(USDA/APHIS) — The United States Department of Agriculture’s (USDA) National Veterinary Services Laboratories (NVSL) announced the first confirmed case of SARS-CoV-2 (the virus that causes COVID-19) infection in a snow leopard at the Louisville Zoo in Kentucky. This is the first snow leopard in the United States to test positive for SARS-CoV-2. Confirmatory testing is ongoing for two other snow leopards at the zoo.
Samples from three snow leopards were taken after they showed signs of respiratory illness. All three of the snow leopards are expected to fully recover. It is suspected that they acquired the infection from an asymptomatic staff member, despite precautions taken by the zoo.
SARS-CoV-2 infections have been reported in a small number of animals worldwide, mostly in animals that had close contact with a person with COVID-19. At this time, routine testing of animals is not recommended. State and local animal health and public health officials will work with USDA and the U.S. Centers for Disease Control and Prevention (CDC) to make determinations about whether animals should be tested for SARS-CoV-2, using a One Health approach.
USDA will announce cases of confirmed SARS-CoV-2 in animals each time the virus is found in a new species. Confirmed cases in animals are updated weekly and are posted at https://www.aphis.usda.gov/aphis/ourfocus/animalhealth/sa_one_health/sars-cov-2-animals-us.
The snow leopards tested presumptive positive for SARS-CoV-2 at the University of Illinois Veterinary Diagnostic Laboratory, which then reported the results to state and federal officials. The confirmatory testing was conducted at NVSL. NVSL serves as an international reference laboratory and provides expertise and guidance on diagnostic techniques, as well as confirmatory testing for foreign and emerging animal diseases. Such testing is required for certain animal diseases in the U.S. in order to comply with national and international reporting procedures. The World Organisation for Animal Health (OIE) considers SARS-CoV-2 an emerging disease, and therefore USDA must report confirmed U.S. animal infections to the OIE.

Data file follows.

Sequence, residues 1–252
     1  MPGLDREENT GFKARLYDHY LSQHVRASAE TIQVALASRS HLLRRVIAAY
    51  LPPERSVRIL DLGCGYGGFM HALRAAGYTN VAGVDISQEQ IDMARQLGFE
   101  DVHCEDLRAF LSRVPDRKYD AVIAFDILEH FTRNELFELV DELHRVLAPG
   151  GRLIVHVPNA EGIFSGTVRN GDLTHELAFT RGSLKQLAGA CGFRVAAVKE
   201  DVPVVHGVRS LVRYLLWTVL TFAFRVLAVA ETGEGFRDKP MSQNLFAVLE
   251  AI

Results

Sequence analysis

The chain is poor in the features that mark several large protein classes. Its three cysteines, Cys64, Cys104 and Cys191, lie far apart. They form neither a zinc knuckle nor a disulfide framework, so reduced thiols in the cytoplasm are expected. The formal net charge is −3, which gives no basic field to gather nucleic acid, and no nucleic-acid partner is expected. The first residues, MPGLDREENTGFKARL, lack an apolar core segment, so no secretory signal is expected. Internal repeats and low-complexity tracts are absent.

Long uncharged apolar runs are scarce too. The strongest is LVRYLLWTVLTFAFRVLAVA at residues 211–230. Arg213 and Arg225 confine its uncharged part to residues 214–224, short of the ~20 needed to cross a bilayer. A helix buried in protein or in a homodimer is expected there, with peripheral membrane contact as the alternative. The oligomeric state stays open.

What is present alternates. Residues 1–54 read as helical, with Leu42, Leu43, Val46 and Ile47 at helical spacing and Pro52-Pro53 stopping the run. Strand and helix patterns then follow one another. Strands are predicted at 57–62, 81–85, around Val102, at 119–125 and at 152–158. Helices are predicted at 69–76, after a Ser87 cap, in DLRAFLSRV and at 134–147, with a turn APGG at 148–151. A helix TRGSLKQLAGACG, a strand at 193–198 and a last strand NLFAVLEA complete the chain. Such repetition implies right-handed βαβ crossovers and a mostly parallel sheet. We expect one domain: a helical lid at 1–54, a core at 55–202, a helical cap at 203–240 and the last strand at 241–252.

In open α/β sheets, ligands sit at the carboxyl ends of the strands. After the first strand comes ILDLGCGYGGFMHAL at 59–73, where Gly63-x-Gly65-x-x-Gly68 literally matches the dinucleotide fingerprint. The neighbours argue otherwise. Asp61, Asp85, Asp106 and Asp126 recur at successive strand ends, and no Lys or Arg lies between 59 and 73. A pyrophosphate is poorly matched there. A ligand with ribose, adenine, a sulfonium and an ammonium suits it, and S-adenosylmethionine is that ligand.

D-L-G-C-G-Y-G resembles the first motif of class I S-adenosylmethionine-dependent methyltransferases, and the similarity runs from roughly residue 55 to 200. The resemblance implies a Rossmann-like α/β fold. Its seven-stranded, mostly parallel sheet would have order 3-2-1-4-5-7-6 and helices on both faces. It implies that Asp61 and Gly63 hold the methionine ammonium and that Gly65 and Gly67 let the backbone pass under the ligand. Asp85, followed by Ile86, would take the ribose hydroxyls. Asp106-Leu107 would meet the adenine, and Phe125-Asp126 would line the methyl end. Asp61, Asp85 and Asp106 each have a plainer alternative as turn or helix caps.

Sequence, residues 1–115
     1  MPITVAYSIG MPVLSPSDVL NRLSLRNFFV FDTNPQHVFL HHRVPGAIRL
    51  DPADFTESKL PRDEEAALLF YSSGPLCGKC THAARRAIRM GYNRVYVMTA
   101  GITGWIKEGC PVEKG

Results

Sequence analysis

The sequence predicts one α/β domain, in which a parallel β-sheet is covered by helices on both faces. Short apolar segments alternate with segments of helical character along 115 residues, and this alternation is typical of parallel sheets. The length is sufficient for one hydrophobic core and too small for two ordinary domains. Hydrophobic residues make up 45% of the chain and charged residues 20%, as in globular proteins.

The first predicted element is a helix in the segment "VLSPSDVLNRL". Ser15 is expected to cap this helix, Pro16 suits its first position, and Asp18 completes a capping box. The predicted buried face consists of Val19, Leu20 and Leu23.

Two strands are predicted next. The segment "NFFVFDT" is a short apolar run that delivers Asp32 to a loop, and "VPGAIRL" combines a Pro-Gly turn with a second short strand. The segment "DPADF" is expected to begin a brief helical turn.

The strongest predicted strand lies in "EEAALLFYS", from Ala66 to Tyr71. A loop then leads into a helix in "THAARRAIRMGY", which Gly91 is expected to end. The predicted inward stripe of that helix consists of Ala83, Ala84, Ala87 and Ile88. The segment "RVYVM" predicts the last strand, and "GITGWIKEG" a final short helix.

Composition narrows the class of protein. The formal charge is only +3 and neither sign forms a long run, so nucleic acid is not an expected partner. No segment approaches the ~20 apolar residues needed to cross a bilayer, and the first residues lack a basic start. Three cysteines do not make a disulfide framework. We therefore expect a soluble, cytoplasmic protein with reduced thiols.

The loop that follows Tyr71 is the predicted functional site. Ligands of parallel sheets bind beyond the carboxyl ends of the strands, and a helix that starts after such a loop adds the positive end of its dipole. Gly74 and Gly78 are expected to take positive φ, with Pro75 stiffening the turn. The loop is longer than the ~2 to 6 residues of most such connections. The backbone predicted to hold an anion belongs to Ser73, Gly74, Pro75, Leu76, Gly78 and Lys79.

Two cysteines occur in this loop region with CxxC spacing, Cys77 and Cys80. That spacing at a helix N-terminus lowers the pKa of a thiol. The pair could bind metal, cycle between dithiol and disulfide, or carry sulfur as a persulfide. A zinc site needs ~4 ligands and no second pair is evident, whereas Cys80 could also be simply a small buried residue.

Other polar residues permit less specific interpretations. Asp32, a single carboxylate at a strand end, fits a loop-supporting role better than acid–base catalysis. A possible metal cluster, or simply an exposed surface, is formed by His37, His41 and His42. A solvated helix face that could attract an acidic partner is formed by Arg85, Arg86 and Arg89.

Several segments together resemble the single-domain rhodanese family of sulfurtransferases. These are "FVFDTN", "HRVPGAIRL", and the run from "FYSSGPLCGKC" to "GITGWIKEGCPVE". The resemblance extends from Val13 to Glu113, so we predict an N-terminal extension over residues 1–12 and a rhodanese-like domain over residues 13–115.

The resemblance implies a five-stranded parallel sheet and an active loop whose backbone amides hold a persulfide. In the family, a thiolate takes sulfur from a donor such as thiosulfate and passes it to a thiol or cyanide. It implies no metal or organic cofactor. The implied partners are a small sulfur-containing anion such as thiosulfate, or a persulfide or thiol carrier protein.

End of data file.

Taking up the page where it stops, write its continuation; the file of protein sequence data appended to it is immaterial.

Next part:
While additional animals may test positive as infections continue in people, it is important to note that performing this animal testing does not reduce the availability of tests for humans.
We are still learning about SARS-CoV-2 in animals, but there is currently no evidence that animals play a significant role in spreading the virus to people. Based on the information available, the risk of animals spreading the virus to people is considered to be low.
It appears that people with COVID-19 can spread the virus to animals during close contact. It is important for people with suspected or confirmed COVID-19 to avoid contact with pets and other animals to protect them from possible infection.
For more information about COVID-19 and animals and recommendations for pet owners, visit https://www.cdc.gov/coronavirus/2019-ncov/animals/pets-other-animals.html
For more information about testing in animals, see https://www.aphis.usda.gov/animal_health/one_health/downloads/faq-public-on-companion-animal-testing.pdf